Recognizing that we need to be circumspect about the quality of the data coming out of China (I absolutely do, for several reasons), I thought it was interesting to note that on NPR Morning Edition today they referenced a new report from China out today that the mortality rate for all known infected patients (including the oldest) was well under 1%, for those without an underlying health issue. I tried searching online today for the data in support of this report and couldn’t find it, but will be very interested to see if that report holds up. Even if it does, more detail will be necessary, as there’s a big difference between mortality of 0.1% and 0.8%, even though both are “well under 1%”. But either way, if accurate, and the latest analysis from Goldman that GDP will decline by 24% in the next quarter (April to June) is also deemed credible, the combination of these inputs reinforces my view that we need at least a robust analysis of a more targeted approach that focuses on more testing and then isolation of the highest-risk populations who may in fact turn out to be a much smaller segment than our current strategy assumes.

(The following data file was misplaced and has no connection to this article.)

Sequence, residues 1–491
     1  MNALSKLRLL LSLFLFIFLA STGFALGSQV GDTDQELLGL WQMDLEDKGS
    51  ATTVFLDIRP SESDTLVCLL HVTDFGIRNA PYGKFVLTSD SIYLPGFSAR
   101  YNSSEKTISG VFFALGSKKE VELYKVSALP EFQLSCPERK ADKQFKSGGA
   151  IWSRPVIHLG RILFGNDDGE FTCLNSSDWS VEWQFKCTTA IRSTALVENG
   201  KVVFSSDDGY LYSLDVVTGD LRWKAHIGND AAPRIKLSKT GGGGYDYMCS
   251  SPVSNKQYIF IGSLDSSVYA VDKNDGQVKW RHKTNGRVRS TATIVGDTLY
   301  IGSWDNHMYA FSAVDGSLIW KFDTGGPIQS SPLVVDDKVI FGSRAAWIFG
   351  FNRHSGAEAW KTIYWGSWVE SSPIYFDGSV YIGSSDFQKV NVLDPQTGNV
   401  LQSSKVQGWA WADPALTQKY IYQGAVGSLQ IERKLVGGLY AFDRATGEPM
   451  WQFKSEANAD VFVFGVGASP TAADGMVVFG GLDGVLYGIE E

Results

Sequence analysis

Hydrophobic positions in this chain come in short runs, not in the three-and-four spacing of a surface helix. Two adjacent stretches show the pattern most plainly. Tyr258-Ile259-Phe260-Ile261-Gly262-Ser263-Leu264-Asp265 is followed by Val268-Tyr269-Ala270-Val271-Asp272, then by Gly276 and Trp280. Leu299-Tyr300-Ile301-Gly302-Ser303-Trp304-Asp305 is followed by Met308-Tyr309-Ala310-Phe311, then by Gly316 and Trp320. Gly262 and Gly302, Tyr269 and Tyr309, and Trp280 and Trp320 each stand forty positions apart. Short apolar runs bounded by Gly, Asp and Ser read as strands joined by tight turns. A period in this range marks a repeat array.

One other thought/comment on the #2 (messaging) issue: Relative to the global population, I’m pretty well educated and informed, and have a pretty good lay-person ability to synthesize and understand data, and to assess relative risk based on that data. I’m also not anti-government or anti-authority, i.e., I’m not particularly resistant to having people in authority suggest or tell me what to do, as long as I have a baseline level of trust in their motives and commitment to #1 (making decisions driven by facts, data, and qualified subject matter experts). I’m not certain if this makes me more or less receptive to effective messaging, but right now I’m not convinced we’re on the right track with #1, and I’m remarkably unmoved by the messaging that’s coming from our leadership (not just at the Federal level).